Synlait Milk is pleased to announce Leon Clement will join the organisation as Chief Executive Officer from mid-August.
The appointment is the outcome of a global recruitment search undertaken following co-founder and inaugural CEO John Penno’s announcement in November 2017 of his intention to stand down.
“Leon has led major businesses internationally, specifically in Vietnam and Sri Lanka, and has deep experience in the branded dairy sector,” says Graeme Milne, Chairman. . .
Synlait Milk has committed to reducing its environmental impact significantly over the next decade by targeting key areas of their value chain.
The commitments were revealed at Synlait’s annual conference in Christchurch on Wednesday 27 and Thursday 28 June to staff, dairy farmers and partners:
• Reducing greenhouse gas emissions (GHGs) by 35% per kilogram of milk solids on-farm (consisting of -50% nitrous oxide, -30% methane and -30% carbon dioxide) and 50% per kilogram of milk solids off-farm by 2028
• Reducing water consumption by 20% per kgMS both on-farm and off-farm by 2028
• Reducing nitrogen loss on-farm by 45% per kgMS by 2028
• Significantly boosting support for best practice dairy farming through increased Lead With Pride™ premium payments, including a 100% PKE-free incentive . . .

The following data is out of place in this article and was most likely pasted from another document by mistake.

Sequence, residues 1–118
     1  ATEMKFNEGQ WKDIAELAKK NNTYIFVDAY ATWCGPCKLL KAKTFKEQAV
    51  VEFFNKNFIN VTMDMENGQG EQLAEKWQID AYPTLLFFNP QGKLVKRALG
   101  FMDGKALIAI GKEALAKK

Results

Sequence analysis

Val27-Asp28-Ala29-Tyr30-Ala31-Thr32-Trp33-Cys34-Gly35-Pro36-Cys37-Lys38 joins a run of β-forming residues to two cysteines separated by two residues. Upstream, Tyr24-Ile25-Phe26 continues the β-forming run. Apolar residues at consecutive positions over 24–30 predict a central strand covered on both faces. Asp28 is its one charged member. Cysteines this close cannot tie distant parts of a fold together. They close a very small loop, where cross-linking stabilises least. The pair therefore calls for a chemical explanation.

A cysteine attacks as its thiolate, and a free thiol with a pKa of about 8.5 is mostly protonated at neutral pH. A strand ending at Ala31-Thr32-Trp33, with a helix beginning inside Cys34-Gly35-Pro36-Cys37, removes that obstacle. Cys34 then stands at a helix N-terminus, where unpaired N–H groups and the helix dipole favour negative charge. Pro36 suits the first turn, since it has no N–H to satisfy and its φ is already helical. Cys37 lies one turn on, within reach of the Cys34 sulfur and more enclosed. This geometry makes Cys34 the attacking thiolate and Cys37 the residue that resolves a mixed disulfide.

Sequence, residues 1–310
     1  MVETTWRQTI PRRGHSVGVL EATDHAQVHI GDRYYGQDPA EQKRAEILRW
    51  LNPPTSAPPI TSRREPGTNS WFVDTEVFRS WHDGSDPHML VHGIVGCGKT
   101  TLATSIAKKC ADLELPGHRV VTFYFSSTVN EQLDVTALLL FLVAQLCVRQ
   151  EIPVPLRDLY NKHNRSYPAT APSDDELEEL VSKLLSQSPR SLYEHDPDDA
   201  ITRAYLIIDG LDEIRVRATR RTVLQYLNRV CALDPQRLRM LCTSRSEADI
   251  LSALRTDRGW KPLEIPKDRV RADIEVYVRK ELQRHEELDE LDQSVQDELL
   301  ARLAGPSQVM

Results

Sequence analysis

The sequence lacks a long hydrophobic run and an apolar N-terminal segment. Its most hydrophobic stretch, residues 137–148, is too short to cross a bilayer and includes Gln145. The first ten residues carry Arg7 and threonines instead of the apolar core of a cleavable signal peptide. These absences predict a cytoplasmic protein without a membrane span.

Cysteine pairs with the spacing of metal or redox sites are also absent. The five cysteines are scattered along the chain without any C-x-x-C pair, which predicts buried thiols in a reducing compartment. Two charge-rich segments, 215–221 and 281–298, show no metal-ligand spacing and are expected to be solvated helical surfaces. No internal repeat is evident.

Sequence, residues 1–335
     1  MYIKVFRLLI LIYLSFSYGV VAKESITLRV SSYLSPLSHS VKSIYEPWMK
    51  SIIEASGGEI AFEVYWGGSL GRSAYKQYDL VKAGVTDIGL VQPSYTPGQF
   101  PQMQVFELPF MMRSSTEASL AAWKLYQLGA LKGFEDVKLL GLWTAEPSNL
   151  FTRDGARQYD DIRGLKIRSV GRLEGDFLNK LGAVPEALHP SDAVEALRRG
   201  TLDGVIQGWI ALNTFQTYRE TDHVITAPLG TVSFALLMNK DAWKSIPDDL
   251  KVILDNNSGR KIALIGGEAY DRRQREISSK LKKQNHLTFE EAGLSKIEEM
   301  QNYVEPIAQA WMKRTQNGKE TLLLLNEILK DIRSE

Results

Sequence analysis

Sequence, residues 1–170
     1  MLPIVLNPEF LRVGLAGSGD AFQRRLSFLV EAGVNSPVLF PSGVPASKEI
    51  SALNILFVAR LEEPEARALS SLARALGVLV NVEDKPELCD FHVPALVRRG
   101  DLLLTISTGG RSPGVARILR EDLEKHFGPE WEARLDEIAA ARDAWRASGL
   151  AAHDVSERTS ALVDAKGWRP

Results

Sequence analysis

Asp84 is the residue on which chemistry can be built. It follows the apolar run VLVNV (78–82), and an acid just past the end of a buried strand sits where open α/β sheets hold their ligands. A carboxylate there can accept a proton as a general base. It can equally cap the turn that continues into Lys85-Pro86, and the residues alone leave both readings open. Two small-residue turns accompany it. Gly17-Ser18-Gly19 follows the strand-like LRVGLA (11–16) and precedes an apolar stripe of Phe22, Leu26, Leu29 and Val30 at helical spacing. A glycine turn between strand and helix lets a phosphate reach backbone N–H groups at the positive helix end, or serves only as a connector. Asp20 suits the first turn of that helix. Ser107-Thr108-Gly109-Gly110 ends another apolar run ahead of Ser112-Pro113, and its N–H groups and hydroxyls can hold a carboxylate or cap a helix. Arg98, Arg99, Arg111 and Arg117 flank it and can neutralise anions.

A major national conference on forest safety practices is set to showcase how our forestry leaders have delivered both safety and productivity benefits for people across a range of workplaces.
“Some of our most inspiring forestry leaders have developed safety improvements in both crew culture and harvesting technologies,” says Forest Industry Engineering Association spokesman, Gordon Thomson.
“We’re delighted to have skilled industry leaders outlining their teams’ experiences – especially people who know that safety and productivity can be improved simultaneously. It’s an intriguing line up of case studies for this year’s conference,” he added. . .
Applications are now open for Silver Fern Farms Plate to Pasture Youth Scholarships. In their second year, the scholarships award six young people around New Zealand $5000 to assist with developing their careers and capabilities in the red meat sector.
Silver Fern Farms Chief Executive Simon Limmer says the response to last year’s inaugural scholarships indicate a bright future for the red meat sector. . .
Forget the Hunger Games, greet the driverless tractor – Marian L. Tupy and Chelsea Follett:
If you are a sci-fi fan, then you have probably noticed the dystopian character of movies about the future. From the classics, such as Soylent Green and Blade Runner, to modern hits, such as the Matrix trilogy and District 9, Hollywood’s take on the future is almost invariably negative. The story lines tend to centre on depletion of natural resources, like in the Mad Max movies, the emergence of highly stratified societies, like Elysium, or both.
In Hollywood’s rendition, the future consists of a few people at the top, who partake in the good life and enjoy what’s left of earth’s resources, while the much more numerous masses suffer some form of enslavement and destitution. That is, until one day, a messianic figure emerges to overthrow the existing order, slaughters the oppressors, liberates the untermenschen and ushers in an era of peace and prosperity. . .